An iconic work
Here is an eclectic set of stories that will by turn have one chuckling, reflecting, empathising, and (as with The Hollow from 1979) even gasping with horror. It would be prudent though to start off with the light early stories, simple yet profound time-markers to the period. Prasadam (1958) and Sita Brand Soapnut Powder (1959) are absolutely the funniest in this collection. The humour in Prasadam arises from the laughable desperation of a policeman, who is too innocent and incompetent to be really corrupt. Ironically, the intended victim (a temple priest) ends up having the last laugh. And amidst all the chaos, what is significant is the humanity resident in both protagonists.
The other funny tale effectively portrays the author’s earthy sense of humour as well as the translator Gomathi Narayanan’s skill in bringing to life the Tamil dialogue with all its piquancy and irreverence. Aasari, the impoverished artist, has managed a commission to paint a long-tressed Sita for a soapnut powder marketer. And still the man’s skeptical wife teases him, thus: ‘Your folk….are adept at hoisting up your loincloths and waving them as banners.’ Such tales leave one smiling, but many others leave the reader perturbed. In Caprice (1964), we meet a sensitive, plump, toothy, spunky, plainspeaking unmarried 32-year-old girl Alamelu. We also meet her lone family member (a frantic father), a prospective groom, his kindly mother (who wills the marriage to happen). And yet…life goes on unchanged.
Ramaswamy’s silence through the years 1966-1972 was followed by a return with stories that reflected the gloom and violence inherent in the post-Bangladesh war-Emergency torn India. The stories of this time are generally first person voices, contemplative, self-questioning, disturbing. In Essences (1973), a deeply religious man finds himself driven to violence. Waves (1976), the titular story (in my opinion, vague and unsatisfying), features a tormented, confused individual desperately searching for life’s meanings — on wave-swept wild seashore.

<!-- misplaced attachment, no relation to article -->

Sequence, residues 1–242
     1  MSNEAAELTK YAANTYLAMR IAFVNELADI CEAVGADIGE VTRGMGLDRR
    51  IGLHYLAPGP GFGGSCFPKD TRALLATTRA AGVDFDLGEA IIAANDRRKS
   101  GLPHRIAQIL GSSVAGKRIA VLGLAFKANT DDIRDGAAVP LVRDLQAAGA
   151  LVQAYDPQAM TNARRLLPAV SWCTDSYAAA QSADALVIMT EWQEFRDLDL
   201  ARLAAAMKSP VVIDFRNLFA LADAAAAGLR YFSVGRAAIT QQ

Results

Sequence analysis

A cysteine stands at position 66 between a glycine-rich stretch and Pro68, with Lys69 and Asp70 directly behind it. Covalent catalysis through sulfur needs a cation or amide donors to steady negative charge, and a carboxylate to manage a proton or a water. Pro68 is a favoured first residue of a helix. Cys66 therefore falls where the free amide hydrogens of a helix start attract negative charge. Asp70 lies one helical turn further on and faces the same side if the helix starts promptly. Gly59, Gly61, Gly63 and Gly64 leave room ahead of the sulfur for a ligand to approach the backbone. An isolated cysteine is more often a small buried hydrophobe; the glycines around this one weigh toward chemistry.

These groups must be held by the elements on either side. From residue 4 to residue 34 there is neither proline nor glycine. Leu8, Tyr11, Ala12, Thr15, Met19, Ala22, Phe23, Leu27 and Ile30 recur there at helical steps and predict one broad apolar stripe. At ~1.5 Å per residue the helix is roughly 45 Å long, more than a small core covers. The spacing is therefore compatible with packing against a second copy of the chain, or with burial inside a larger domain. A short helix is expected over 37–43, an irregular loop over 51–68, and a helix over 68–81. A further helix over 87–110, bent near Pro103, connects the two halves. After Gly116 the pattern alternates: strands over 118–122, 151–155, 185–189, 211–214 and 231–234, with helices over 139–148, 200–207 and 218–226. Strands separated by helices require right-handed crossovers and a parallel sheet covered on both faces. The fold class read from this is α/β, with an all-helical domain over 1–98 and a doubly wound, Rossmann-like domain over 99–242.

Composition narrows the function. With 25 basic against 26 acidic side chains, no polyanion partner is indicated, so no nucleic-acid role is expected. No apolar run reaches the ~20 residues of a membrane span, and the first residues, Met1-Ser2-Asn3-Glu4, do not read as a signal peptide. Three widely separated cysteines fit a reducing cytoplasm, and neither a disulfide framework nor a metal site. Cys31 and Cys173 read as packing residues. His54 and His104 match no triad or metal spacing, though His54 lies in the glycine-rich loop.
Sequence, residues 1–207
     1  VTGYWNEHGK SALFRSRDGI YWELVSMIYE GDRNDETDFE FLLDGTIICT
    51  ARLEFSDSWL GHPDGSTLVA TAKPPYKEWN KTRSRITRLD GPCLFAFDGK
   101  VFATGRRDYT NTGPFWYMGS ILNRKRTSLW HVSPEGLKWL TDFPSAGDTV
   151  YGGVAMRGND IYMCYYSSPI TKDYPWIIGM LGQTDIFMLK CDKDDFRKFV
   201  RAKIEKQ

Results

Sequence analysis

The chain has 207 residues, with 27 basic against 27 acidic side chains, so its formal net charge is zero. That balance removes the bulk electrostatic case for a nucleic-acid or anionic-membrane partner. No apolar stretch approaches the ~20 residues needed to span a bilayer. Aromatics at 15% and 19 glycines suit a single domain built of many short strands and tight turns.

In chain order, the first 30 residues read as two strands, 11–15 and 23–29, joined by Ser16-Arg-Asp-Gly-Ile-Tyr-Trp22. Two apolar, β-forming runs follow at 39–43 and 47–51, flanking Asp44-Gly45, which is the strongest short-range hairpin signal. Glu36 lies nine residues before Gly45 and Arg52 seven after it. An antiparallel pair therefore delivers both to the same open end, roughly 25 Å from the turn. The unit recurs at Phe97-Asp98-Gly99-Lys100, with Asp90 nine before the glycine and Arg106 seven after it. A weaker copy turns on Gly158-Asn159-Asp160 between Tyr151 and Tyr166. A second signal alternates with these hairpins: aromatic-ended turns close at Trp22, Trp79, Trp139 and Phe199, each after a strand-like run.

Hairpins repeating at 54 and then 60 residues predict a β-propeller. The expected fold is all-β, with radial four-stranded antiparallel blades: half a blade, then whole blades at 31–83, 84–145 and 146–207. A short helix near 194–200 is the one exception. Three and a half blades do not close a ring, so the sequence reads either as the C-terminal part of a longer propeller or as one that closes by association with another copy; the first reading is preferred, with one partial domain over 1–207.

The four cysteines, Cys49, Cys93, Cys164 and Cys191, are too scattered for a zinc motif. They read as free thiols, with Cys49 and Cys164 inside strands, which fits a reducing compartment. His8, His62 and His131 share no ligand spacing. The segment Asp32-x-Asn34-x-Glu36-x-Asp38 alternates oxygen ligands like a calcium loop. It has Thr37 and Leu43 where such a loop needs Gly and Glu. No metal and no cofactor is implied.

But in general, most of the stories are as intriguing as they are delightful, detailed, reflective of the quiet unknown Indian’s heart-felt secrets. Window (1958) takes the reader into the mind of a bed-bound invalid with only a window for company. And some stories shed light on Indian societal attitudes, as in Heifer (1959) where a fifth girl child is unwelcome, but the family cattle shed warmly welcomes the birth of a milch heifer.
A motley bunch of eccentric characters enliven Ramaswamy’s stories. There’s Ibrahim Hassan Rowther, the human calculator in Blossoming (1990). The introduction of technology makes him feel temporarily redundant — yet he survives the change with wit and wisdom. Crows (1991) features a person who understands crows better than humans.
Translated stories need to retain the original voice if they are to be effective. The English language in this anthology resonates warmly with the lilt of the Tamil spoken in Kerala-Tamil Nadu border areas around Nagercoil, the geographical base to these tales. ‘De Ambi, get up,’ says Appa to his son in Blossoming. ‘De, have your bath and breakfast, and go at once to Aanaipalayam.’ One can almost hear the Malayalam accented Tamil of the region. And translator Lakshmi Holmstrom wisely retains terms like De and Di, words that indicate the degree of familiarity among speakers.
Su-Ra’s Tamil-Travancore world is worth exploring.
2013, pp 187